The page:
BAD Hole Cave, where a private company offers tours.
photo: Ervín Némethy
One of the main attractions of the cave is its natural state, which allows visitors to see an environment that is usually hidden in the cracks.
"We teach people a little bit about the natural life of a cave," says Rudolf Košč, the manager of the cave.
The cave is not lit, nor is there a concrete path, apart from some steps and handrails at its mouth. To minimize the impact on the cave environment, visitors are led on special routes. Bats live there, though only during the winter.
To enter the cave, visitors can put on coveralls and helmets to protect them from the mud and rocks, and carry kerosene lamps.
In the cave's main chamber the walls are decorated with multi-coloured calcium deposits left by dripping water. Little stalactites cling to the ceiling. At the end of each quivers a drop of water. The sound of dripping is everywhere. The air is cold and wet, and supposedly possesses curative properties - some visitors even spend the night there to take advantage of its effects.
COLOURFUL calcium deposits.
photo: Ervín Némethy
According to tour guide Veronika Koščová, the cave has served as a hiding place for nearby villagers at various times during the history of invasions and uprisings on Slovak soil. More recently it was used to host a concert. The cave also brims with legends, including those of the Slovak hero Juraj Janošík, a fairy, and a dragon.
It is strange that the cave is managed privately for the state, instead of by the state itself, as is the case with the high profile caves in Slovakia. "Only cave experts are given this permission [by the state]," explains Košč, "and in Slovakia there are currently only two caves that are operated in this way."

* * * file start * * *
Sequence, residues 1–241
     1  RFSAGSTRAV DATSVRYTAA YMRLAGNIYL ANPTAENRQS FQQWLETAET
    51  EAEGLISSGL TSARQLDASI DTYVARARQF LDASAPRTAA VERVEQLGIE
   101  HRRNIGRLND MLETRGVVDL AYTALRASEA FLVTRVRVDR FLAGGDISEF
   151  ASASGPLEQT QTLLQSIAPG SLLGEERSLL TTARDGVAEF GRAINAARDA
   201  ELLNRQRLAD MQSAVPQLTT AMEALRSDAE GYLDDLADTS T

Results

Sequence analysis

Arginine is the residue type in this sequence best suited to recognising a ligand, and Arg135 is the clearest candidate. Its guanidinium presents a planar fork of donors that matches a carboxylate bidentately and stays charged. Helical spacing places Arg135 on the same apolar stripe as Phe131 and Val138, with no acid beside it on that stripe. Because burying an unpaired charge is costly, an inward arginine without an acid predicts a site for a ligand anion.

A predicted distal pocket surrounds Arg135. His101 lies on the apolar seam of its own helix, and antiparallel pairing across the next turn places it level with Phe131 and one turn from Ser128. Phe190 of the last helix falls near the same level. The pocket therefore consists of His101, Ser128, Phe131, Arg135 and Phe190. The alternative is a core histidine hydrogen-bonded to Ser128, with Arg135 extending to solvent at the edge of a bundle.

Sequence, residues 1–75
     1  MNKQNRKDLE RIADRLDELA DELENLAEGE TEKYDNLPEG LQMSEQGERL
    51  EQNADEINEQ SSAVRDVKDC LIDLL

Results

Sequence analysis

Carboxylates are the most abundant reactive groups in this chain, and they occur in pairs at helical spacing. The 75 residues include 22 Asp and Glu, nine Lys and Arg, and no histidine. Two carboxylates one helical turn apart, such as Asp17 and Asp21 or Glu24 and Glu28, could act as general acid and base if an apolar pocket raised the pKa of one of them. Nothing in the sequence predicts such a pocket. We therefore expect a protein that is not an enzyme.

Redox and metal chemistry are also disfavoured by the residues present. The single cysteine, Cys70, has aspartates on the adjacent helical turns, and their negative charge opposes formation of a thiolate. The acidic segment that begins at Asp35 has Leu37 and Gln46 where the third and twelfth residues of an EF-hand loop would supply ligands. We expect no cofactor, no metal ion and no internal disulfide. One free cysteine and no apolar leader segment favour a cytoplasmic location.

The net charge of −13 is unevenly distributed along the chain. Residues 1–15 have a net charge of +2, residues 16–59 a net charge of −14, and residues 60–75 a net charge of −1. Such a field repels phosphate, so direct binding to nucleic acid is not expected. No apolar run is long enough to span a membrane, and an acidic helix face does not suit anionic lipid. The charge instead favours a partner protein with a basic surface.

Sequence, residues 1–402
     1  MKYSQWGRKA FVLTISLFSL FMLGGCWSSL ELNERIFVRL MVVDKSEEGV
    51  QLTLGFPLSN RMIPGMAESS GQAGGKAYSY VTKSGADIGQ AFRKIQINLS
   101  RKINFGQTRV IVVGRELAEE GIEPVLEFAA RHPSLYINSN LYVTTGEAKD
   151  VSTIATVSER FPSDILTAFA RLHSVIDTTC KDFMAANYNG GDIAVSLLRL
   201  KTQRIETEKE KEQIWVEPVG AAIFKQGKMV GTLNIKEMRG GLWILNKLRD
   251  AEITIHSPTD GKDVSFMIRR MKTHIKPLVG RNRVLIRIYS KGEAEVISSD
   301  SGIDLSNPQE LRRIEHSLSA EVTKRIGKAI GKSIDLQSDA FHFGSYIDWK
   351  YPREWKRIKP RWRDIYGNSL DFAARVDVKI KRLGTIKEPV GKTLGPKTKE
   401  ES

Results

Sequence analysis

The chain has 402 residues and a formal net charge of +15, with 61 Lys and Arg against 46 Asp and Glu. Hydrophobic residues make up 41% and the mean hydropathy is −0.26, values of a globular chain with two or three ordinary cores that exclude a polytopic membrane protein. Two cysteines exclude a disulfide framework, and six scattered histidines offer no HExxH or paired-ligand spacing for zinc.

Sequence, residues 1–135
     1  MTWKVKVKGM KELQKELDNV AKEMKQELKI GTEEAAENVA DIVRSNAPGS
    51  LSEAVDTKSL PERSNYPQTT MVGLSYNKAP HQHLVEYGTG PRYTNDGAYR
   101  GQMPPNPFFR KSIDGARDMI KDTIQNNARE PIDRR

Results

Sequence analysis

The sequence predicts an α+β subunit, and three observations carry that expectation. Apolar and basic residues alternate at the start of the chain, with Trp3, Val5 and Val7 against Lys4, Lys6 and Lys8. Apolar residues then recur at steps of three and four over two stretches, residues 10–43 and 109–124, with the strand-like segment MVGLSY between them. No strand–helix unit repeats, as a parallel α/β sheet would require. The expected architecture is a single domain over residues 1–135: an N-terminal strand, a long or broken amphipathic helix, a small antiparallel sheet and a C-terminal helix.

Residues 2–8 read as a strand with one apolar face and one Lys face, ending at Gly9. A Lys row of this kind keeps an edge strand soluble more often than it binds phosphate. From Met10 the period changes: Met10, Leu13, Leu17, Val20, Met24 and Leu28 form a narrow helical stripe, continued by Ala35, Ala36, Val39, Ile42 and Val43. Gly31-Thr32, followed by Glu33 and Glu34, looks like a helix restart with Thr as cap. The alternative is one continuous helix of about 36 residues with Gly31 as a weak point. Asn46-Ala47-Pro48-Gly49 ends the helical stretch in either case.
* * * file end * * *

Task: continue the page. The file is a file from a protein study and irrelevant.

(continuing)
Košč sees a great difference between Bad Hole and state-run caves, such as Gombasecká. "They don't belong to private people, they belong to the state, which runs them in a similar way as was done during socialism, which we don't like."
The floors of public caves are cemented, and the spaces are lit by electric lights. In Bad Hole, on the contrary, people access the cave in a natural way.
Košč has been caving since 1980. The cave has been open since 1999 and in that time it has seen about 25,000 visitors. When asked how he came to his profession he replies: "I wanted to do something different from other people. And it has been a crazy experience."
Also popular with locals is Lačnovský canyon, located in a valley near the cave. Ask the guides for directions.
The cave is open daily from April 1 to October 31, from 9:00 to 19:00. A standard 40-minut tour costs Sk60 and children pay reduced prices. From Prešov take a bus toward Lipovce-Lačnov, with a special stop for the cave, or drive. For more information call 0905/237-565 or 0905/518-975, or visit www.jaskyna.szm.sk.
18. Aug 2003 at 0:00 | Eric Smillie